Q:

My child is taking the AP test in history in May. I really don't know much about it except that she may get college credit. What should parents know about AP exams? -- Lacking Information

A:

Mandy Ginsberg, CEO of Tutor.com, an online tutoring company, has answers to the questions that most parents want answered about AP exams. Here is the information you need:

Who takes AP exams?

Over 30 percent of high-school graduates take at least one AP exam. Any student who is taking an AP class should take the corresponding exam while the material is fresh.

What is the test like?

The exam takes about two to three hours. The first part of the exam is typically multiple choice, and the score is based on how many questions are answered correctly -- so there are no points given or lost for unanswered questions or wrong answers. The second part is typically free-response, which might be an essay or a solution to a problem. For example, on the AP chemistry exam, students will have to provide appropriate scientific evidence and reasoning to support their responses. These answers are scored by college professors and experienced AP teachers at the annual AP Reading, which is held during the first two weeks in June.

When are the tests given?

AP exams take place the weeks of May 4-8 and May 11-15. Your school's AP coordinator will have all the information on registering for these exams.

What does it cost?

All AP exams cost $89 each. Students living outside of the U.S. must pay $119. The College Board does offer $26 to $28 fee reductions for eligible students. The fee reduction varies by state.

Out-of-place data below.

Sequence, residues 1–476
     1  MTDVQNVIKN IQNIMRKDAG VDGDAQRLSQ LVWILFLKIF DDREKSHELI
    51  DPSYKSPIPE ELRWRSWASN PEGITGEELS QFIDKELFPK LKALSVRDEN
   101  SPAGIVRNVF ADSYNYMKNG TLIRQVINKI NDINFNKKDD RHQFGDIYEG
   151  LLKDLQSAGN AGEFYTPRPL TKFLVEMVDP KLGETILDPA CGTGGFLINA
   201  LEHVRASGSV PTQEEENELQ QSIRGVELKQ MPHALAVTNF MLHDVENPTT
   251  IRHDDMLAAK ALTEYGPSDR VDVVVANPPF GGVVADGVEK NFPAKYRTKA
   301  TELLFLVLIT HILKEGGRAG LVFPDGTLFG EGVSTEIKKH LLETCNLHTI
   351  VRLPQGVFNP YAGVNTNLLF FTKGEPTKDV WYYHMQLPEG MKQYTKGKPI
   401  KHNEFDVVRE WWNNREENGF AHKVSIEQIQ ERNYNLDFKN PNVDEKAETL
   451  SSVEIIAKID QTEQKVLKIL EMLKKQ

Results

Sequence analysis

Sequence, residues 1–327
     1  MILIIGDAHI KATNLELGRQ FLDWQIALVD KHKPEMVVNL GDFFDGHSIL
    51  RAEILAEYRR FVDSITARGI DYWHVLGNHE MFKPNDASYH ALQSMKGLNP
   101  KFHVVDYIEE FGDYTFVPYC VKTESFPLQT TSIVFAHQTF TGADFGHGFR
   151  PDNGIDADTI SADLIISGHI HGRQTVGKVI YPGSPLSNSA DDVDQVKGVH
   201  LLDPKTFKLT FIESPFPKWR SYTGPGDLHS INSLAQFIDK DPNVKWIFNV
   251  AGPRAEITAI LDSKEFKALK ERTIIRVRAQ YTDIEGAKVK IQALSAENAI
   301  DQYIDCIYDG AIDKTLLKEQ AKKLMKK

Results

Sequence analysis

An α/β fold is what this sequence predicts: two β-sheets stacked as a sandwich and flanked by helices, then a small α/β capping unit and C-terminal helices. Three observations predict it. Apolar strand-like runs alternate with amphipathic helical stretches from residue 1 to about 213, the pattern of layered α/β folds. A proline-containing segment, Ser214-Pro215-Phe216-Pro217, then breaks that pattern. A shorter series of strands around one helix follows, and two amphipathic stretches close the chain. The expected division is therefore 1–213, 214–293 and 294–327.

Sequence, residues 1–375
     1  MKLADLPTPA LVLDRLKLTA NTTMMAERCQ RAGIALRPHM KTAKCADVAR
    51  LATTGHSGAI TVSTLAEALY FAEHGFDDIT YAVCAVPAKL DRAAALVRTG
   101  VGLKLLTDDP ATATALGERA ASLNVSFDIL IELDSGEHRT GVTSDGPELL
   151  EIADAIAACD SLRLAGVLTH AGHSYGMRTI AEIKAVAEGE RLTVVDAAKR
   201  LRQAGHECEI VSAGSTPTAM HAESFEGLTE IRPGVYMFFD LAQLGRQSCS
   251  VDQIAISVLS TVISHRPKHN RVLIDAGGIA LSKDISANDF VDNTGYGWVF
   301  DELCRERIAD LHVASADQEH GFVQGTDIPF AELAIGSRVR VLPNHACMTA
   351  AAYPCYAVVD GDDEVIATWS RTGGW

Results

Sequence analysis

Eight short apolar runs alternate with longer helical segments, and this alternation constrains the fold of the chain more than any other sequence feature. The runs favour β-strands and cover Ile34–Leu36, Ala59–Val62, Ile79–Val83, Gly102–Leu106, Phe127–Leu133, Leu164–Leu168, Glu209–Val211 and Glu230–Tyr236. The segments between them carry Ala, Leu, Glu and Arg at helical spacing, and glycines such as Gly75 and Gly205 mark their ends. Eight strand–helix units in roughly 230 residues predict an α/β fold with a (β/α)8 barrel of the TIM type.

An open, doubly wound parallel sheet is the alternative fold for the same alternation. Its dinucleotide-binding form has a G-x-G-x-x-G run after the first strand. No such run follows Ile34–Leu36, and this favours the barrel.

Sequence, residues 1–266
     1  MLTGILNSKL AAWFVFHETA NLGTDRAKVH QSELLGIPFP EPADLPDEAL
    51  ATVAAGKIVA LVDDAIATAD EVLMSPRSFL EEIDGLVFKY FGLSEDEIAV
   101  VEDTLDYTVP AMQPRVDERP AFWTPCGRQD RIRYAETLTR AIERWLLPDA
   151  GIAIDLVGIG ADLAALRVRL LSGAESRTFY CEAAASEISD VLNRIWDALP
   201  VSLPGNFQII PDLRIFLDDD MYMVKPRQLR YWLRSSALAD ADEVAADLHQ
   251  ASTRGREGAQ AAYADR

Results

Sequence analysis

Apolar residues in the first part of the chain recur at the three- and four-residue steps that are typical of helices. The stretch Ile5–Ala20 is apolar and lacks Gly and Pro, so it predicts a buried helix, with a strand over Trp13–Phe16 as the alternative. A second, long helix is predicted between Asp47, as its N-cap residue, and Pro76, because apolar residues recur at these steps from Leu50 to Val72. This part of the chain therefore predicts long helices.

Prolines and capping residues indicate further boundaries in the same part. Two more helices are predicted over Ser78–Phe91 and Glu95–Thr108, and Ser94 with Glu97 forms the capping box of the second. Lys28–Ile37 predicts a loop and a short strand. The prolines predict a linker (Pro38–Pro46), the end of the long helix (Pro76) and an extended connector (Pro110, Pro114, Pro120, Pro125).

Why should my child take them?

The AP exam is one more way that your child can show off his or her affinity for a certain subject, much like with the SAT subject tests. In addition, there is a huge benefit to doing well: The score will be used by colleges and universities to help them place your student in courses or even grant course credit. While policies vary, scores of a four or five on the AP exam are usually given credit at colleges.

How are they scored?

The exams are scored on a scale of 1 to 5, using a weighted combination of scores from the multiple-choice and free-response sections. Scores will be sent to the schools your child designates on the answer sheet, and when scores are available online in July, you can send them to additional schools for a fee.

How can your child prepare?

Need help? Now's the time! September seems like a looooong time ago, doesn't it? That's why a complete course review is so vital. With the exams coming up fast, now is the time to seek help for concepts that your child struggled with the first time or just for a general overview and to refresh. As your child starts prepping for the AP exams, help him or her with that boost of confidence that comes from knowing the material inside and out.